Most people are told before beginning chemotherapy to expect changes to their body. Despite being warned, it still takes most patients by surprise when a favorite food suddenly tastes or smells awful.
However, changes to your sense of taste, and its close cousin smell, happen for approximately 50 percent of everyone who undergoes chemotherapy.1
Why taste changes with chemo
Chemotherapy changes your sense of taste in a variety of ways, depending on the drug or drugs you’re taking. Radiation too can impact your sense of taste, especially when it’s directed to the head or neck.
Doctors believe these changes in taste and smell occur because the chemotherapy creates changes in the taste buds and salivary glands. Taste and smell are related because the olfactory nerve runs up the back of the throat into the nasal passage.
Certain chemotherapies and biological therapies are known to impact taste, and sometimes drugs prescribed to combat the side effects of chemo also affect taste, including opioids and some antibiotics. Dry mouth, nausea and vomiting are all common side effects of chemo that may alter your perception of smell.
How tastes change with chemo
How your taste buds will be impacted varies greatly. Some cancer patients report that foods simply taste differently, or all foods taste bland, or all foods taste the same. Still others report a metallic taste that won’t go away or comes on only with certain foods. Many people experience dry mouth.
Some people report this experience with all foods. Others say that it’s only bitter, sweet or salty foods taste abnormal or bad, while some report that meat and other high-protein foods taste metallic.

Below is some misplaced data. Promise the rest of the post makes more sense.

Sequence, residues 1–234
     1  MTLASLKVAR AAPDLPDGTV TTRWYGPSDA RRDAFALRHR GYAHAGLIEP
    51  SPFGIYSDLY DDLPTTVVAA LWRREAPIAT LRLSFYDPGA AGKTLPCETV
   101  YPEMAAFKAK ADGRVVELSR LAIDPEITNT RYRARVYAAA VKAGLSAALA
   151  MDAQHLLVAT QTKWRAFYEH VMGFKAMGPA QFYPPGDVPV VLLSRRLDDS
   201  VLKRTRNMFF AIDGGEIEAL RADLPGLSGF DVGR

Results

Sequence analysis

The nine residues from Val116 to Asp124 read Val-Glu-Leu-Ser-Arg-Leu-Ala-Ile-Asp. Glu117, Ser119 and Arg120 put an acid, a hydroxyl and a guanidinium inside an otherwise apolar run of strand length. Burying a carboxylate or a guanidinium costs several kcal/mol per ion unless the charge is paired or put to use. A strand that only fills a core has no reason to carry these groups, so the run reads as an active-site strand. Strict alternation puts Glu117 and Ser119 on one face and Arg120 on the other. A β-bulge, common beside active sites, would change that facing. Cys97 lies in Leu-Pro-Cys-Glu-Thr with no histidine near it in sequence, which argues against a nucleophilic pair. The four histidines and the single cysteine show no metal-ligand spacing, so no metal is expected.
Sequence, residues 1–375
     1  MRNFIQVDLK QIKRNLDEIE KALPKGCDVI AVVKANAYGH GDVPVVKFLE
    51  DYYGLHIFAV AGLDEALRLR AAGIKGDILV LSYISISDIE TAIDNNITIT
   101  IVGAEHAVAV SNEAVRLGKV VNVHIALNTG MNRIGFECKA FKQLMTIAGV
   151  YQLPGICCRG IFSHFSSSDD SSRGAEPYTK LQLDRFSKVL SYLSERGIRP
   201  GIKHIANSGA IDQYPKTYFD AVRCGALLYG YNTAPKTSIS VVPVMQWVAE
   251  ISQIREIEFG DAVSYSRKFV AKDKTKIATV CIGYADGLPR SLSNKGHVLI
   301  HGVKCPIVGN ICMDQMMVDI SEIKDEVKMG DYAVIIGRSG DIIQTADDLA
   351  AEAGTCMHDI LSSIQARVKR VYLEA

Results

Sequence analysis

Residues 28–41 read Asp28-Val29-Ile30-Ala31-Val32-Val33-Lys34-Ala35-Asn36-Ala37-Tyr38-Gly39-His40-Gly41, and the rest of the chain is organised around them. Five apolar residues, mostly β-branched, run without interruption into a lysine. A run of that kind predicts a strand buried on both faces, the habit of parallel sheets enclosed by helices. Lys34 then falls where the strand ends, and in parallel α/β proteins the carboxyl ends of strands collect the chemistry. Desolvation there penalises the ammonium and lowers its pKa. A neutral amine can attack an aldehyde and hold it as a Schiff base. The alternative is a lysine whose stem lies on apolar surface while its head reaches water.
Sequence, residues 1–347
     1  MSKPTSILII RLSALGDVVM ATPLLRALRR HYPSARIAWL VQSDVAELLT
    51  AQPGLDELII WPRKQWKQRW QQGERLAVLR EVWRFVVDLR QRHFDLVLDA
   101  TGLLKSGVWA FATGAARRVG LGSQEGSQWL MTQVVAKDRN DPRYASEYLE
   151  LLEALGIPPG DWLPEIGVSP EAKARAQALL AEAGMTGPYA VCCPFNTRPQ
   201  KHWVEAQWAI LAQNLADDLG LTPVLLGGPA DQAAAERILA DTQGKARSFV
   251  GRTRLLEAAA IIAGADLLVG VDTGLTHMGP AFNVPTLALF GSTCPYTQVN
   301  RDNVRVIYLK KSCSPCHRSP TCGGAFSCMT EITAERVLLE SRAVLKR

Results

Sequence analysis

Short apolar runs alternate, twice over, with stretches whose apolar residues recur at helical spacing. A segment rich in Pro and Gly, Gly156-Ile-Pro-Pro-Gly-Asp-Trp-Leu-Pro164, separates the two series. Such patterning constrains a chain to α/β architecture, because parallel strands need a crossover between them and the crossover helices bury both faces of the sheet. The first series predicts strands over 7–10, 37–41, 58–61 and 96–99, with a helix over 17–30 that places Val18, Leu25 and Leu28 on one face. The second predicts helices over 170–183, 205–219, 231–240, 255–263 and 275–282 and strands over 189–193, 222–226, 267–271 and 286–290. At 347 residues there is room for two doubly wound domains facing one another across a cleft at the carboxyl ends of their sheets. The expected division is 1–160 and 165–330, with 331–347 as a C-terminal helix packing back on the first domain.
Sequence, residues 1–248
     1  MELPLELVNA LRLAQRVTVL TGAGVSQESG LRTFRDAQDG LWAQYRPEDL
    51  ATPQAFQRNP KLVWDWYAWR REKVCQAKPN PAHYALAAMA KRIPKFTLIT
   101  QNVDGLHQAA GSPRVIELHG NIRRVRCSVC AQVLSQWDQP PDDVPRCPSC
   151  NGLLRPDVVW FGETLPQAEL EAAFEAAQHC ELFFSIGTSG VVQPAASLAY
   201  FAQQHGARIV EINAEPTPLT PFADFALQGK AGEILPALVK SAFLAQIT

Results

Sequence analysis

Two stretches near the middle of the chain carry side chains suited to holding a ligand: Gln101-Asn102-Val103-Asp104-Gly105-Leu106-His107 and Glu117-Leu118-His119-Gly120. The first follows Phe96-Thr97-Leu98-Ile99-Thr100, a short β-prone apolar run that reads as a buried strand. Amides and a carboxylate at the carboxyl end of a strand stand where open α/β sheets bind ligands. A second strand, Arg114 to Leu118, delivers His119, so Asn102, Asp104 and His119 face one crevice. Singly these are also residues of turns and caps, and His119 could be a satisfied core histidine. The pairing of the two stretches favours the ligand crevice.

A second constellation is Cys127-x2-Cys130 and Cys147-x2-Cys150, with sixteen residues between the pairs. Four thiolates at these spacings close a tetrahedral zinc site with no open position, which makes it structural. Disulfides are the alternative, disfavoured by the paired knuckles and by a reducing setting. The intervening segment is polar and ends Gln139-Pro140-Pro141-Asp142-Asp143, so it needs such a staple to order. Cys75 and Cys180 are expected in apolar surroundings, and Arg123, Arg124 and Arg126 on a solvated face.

How to combat bad tastes
It’s vital you get enough calories and nutrition during chemotherapy to prevent excessive weight loss, but that can be hard if everything tastes the same or smells terrible. Here are a few tips to combat the taste changes that may come with chemotherapy:
First and foremost, go with it. If a food suddenly smells or tastes bad, don’t make yourself eat it.
Embrace the mysterious new you. Let yourself explore new foods that smell and taste good to you now, even if you’ve never tried the food before. One member of the BladderCancer.net community reported a sudden, deep love of Fresca for the duration of his chemotherapy that went away after chemo ended.
Eat more cold foods or room-temperature foods. Cold foods have less smell and less intense flavors.
Citrus flavors, especially lemon, sometimes help cut bad tastes that won’t go away.
Reduce food smells by cooking outside on a grill or buy precooked foods. Use a closed drink cup with a straw if liquids smell bad to you.
Tart flavors such as lemons may taste better so try citrus flavors and pickled foods. However, if you have a sore mouth or throat, avoid acidic foods.2
Use plastic utensils and glassware to reduce metallic tastes.
Eat smaller meals more frequently.3
Try rinsing your mouth with a solution of salt and baking soda to neutralize bad tastes. Mix ½ teaspoon of salt and ½ teaspoon of baking soda in 1 cup of warm water.1
Brush and floss more frequently.
Will it get better?
The good news is that most people regain their sense of taste three to four weeks after chemo ends, while others continue to notice changes in taste for up to a year.1 However, some people report that old favorites never taste the same again or are avoided because it becomes associated with a time of nausea and vomiting.
American Society of Clinical Oncology. https://www.cancer.net/navigating-cancer-care/side-effects/taste-changes. Accessed July 2, 2018.
American Cancer Society. Taste and smell changes. https://www.cancer.org/treatment/survivorship-during-and-after-treatment/staying-active/nutrition/nutrition-during-treatment/taste-smell-changes.html. Accessed July 2, 2018.
Rehwaldt M. Self-care strategies to cope with taste changes after chemotherapy. https://www.ncbi.nlm.nih.gov/pubmed/19273394. doi: 10.1188/09.ONF. E47-E56. Accessed July 5, 2018.